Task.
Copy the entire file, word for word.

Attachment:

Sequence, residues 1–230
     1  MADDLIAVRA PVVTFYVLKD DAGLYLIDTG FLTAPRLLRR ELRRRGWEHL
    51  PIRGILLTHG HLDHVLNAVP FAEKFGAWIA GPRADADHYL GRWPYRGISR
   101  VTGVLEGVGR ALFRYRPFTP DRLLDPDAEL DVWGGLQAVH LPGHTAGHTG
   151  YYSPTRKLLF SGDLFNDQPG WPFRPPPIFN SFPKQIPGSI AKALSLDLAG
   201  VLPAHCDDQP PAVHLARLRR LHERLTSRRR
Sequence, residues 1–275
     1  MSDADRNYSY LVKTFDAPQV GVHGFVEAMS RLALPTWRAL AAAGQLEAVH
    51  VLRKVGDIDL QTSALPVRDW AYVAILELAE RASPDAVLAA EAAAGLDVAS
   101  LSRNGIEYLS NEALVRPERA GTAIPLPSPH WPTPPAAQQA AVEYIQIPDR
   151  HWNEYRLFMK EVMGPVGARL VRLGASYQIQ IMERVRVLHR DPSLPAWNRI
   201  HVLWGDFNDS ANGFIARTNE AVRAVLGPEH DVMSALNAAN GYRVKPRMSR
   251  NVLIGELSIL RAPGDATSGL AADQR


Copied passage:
Sequence, residues 1–230
     1  MADDLIAVRA PVVTFYVLKD DAGLYLIDTG FLTAPRLLRR ELRRRGWEHL
    51  PIRGILLTHG HLDHVLNAVP FAEKFGAWIA GPRADADHYL GRWPYRGISR
   101  VTGVLEGVGR ALFRYRPFTP DRLLDPDAEL DVWGGLQAVH LPGHTAGHTG
   151  YYSPTRKLLF SGDLFNDQPG WPFRPPPIFN SFPKQIPGSI AKALSLDLAG
   201  VLPAHCDDQP PAVHLARLRR LHERLTSRRR
Sequence, residues 1–275
     1  MSDADRNYSY LVKTFDAPQV GVHGFVEAMS RLALPTWRAL AAAGQLEAVH
    51  VLRKVGDIDL QTSALPVRDW AYVAILELAE RASPDAVLAA EAAAGLDVAS
   101  LSRNGIEYLS NEALVRPERA GTAIPLPSPH WPTPPAAQQA AVEYIQIPDR
   151  HWNEYRLFMK EVMGPVGARL VRLGASYQIQ IMERVRVLHR DPSLPAWNRI
   201  HVLWGDFNDS ANGFIARTNE AVRAVLGPEH DVMSALNAAN GYRVKPRMSR
   251  NVLIGELSIL RAPGDATSGL AADQR